If you decide consulting is right for you, what opportunities exist to get started? Think about your ultimate goal. Do you want to be a partner in one of the “Big Four”? Will you eventually own your own firm? Do you think you will always want to consult as a sole practitioner? Do you want to teach part-time at a small university and consult on the side? There are many ways to enter the field; here are five.
Large Firm Employee. If you have just graduated from college, this is your best bet to experience the consulting profession. As an employee in a large firm you will be an extra pair of hands on large projects—a great way to get experience.
Consulting is typically listed as one of the top paying jobs. Land a gig in one of the major firms with a Bachelor’s degree and you can typically expect to earn between $60,000 and $90,000. For a select number of firms, the salary can approach $100,000. These figures include base salary, a signing bonus, and relocation expenses.
If it sounds like a high salary, keep in mind that first-year consultants work 11-14 hour days and travel most weeks.
And if you stay in school longer, the rewards are greater. MBAs from top schools can expect to be offered a base salary hovering around $150,000 as new consultants with firms such as Deloitte, Accenture, or McKinsey or one of the Big Four accounting firms.
These jobs generally come with a great deal of pressure. Usually you are expected to generate (sell) a certain amount of consulting services. Travel is another drawback. If you choose this route, learn more about who these large firms are and what they do.
Small Firm Employee. As a consultant in a small, local firm, you would experience similar advantages to those of a large, national firm. One added benefit might be that you would probably experience a wider variety of tasks and be given more responsibility sooner.
If you want to travel, a drawback may be that you are often limited to working with businesses in your locality. Although your salary would be only half what it could be with one of the Big Four, you would have less pressure, more opportunity for a variety of projects, and more involvement in the entire consulting process. Find these companies by location.
Check the local industry-specific association chapters in the city where you live or want to live. Many small firms do not find value in advertising so the local librarian or Chamber of Commerce can help you. Ask for a listing of local businesses broken down by industry.
Subcontractor. Rather than becoming an employee, you could subcontract with a firm. Many businesses and consulting firms are looking for subcontractors who will fill in the gaps left as a result of downsizing or launching new initiatives. As a subcontractor you may have a less secure position, but you will have flexibility while gaining rich experience and developing a sense of the market.
The work will most likely not be full time, but this allows you time to develop your own business. Who might hire you? You could consider the larger companies listed previously. If you like the idea of being a training consultant, consider some of the leading training suppliers such as AMA, DDI, Franklin Covey, Herrmann International, and The Ken Blanchard Companies. New consulting match-ups exist such as PwC’s Talent Exchange, where they connect independent consultants with PwC opportunities.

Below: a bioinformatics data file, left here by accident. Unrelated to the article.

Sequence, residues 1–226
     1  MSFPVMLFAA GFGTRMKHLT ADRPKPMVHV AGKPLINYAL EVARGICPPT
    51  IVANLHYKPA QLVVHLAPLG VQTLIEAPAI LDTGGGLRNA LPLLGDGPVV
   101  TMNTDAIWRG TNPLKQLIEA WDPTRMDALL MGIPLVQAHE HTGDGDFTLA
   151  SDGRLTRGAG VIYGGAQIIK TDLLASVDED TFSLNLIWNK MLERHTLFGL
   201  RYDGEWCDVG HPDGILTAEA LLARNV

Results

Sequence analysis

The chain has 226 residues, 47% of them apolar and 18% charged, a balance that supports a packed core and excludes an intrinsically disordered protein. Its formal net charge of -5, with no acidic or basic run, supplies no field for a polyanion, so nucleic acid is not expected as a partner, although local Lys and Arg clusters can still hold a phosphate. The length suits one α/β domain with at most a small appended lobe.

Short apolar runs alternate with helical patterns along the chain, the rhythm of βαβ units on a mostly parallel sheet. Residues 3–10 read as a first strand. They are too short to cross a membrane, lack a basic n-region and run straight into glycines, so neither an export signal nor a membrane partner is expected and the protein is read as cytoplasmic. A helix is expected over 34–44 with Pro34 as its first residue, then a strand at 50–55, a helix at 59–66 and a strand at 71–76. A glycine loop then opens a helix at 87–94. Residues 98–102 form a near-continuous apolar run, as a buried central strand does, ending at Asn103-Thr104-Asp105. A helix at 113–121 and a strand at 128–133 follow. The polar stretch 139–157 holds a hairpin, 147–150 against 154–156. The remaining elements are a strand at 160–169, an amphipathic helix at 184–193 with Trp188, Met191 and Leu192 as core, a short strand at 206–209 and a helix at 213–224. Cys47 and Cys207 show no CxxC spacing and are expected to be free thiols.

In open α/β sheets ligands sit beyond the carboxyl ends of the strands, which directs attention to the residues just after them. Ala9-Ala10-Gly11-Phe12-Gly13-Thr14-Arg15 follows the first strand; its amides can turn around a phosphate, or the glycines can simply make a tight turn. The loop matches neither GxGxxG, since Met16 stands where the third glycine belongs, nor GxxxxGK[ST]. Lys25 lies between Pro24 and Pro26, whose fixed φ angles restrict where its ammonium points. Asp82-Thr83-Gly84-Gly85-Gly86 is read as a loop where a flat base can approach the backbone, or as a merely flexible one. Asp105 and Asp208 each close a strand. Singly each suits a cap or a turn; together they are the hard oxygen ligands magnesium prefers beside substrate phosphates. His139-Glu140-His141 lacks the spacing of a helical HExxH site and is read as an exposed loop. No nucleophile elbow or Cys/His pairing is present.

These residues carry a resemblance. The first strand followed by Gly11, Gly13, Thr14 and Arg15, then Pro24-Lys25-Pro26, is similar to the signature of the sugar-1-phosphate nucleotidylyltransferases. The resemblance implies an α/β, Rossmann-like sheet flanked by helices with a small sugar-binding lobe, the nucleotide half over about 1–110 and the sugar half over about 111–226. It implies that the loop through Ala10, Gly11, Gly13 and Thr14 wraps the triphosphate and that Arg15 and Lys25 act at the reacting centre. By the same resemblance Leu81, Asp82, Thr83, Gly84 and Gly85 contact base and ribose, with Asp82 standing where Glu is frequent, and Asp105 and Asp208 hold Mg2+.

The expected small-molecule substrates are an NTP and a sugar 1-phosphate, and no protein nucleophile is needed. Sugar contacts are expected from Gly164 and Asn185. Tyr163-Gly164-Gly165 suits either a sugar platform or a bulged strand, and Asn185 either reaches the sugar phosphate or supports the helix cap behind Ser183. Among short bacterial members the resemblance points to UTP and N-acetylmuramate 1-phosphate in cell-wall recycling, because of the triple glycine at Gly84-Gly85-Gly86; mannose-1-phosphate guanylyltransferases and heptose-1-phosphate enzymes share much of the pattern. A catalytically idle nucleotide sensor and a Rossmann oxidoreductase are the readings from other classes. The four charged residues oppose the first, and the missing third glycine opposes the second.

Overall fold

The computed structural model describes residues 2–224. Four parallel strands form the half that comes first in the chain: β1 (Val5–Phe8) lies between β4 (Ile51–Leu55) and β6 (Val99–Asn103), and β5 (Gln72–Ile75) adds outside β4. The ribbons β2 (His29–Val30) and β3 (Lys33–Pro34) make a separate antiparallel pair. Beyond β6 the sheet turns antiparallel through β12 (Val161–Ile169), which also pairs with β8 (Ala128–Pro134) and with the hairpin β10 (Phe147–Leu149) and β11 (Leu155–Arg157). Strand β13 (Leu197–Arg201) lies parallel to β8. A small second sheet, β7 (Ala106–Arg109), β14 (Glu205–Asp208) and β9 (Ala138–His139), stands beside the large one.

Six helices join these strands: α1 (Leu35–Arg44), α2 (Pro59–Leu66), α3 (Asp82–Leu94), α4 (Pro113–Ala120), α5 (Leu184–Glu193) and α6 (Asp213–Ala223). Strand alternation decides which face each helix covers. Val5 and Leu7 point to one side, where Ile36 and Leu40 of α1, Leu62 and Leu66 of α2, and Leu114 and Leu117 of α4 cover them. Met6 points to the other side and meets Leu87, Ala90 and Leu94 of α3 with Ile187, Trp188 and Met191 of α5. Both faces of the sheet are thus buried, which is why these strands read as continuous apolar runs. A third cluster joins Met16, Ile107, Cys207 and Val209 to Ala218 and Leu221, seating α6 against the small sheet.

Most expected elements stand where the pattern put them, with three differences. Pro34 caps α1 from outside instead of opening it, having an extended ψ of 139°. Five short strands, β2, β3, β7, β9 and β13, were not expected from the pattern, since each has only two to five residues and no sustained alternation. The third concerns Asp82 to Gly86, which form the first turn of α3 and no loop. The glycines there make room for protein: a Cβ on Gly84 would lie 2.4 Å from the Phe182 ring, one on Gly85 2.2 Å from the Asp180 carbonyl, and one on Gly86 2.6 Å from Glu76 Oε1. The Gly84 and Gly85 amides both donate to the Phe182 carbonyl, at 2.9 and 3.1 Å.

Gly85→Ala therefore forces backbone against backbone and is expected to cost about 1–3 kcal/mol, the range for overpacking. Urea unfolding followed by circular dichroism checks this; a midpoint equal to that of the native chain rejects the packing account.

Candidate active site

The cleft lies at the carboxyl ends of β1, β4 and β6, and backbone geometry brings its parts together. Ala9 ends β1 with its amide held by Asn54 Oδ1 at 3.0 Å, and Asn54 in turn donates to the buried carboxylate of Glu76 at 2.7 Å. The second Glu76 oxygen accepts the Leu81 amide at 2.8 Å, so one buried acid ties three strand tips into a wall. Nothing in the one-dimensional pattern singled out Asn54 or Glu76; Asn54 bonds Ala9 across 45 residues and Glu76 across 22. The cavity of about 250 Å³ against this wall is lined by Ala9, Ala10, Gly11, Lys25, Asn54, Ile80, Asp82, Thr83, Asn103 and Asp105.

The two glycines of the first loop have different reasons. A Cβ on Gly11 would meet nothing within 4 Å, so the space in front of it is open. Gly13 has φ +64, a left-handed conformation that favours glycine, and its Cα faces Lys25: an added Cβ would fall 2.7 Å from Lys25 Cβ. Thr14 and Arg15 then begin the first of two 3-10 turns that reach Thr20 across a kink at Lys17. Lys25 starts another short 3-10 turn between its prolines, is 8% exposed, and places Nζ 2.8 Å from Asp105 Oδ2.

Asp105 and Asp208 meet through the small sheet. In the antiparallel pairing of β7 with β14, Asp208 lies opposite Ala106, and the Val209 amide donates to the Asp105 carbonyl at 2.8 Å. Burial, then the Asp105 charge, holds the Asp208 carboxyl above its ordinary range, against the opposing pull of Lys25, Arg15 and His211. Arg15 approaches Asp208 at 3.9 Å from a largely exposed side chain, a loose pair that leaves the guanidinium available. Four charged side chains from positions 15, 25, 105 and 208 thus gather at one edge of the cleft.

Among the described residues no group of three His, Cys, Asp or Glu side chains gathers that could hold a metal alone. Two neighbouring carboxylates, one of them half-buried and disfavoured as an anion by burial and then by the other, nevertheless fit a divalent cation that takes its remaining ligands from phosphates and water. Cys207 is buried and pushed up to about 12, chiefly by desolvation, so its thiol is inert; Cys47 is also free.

Side Hustle. If you’re not ready to take the plunge, you could consult part-time while keeping your present job. Some people use their free time, vacation time, and weekends to conduct small projects—with their employers’ knowledge, of course. For example, if your specialty is team building or facilitating decision-making meetings, you might be able to do weekend retreats for boards of non-profit organizations.
Part-time work will not give you the full flavor of what it is like to be solely dependent upon consulting as a career; however, it will give you an idea of whether you like the work. Plus, it will allow you to begin building your practice in a way that doesn’t involve the stressors of relying on your consulting income for your livelihood.
It can be your bridge to independence while staying on the safe shore, only crossing over to solopreneurship when you’re fully ready.
Self-employed Independent Consultant. And of course what we think of as the ultimate, you could also start your own consulting practice. When you develop expertise in an area, you might choose to build and run your own business around that expertise. The expertise you sell can be virtually anything. Specialties might include management, IT, marketing, financial, healthcare, environmental, social media, software consultant, or hundreds of other specialties.
The emerging gig economy is encouraging many people to start their own businesses. A consultant is generally thought of as the highest skill end of the gig economy spectrum.
As an independent consultant, you will have an opportunity to make all the decisions, do what you want when you want, and experience the full satisfaction of your accomplishments and the outcomes. The drawback, of course, is that you would assume all the risk, be responsible for all expenses, and have no one at your level readily available with whom to discuss business plans and concerns.
According to Consulting.com the average annual revenue of an independent consultant is $97,000, but your revenue potential is wide open and completely uncapped. With a good plan you can break through to a seven figure income.
Although there are other ways to break into consulting, these are the most common. Which one will work best for you?
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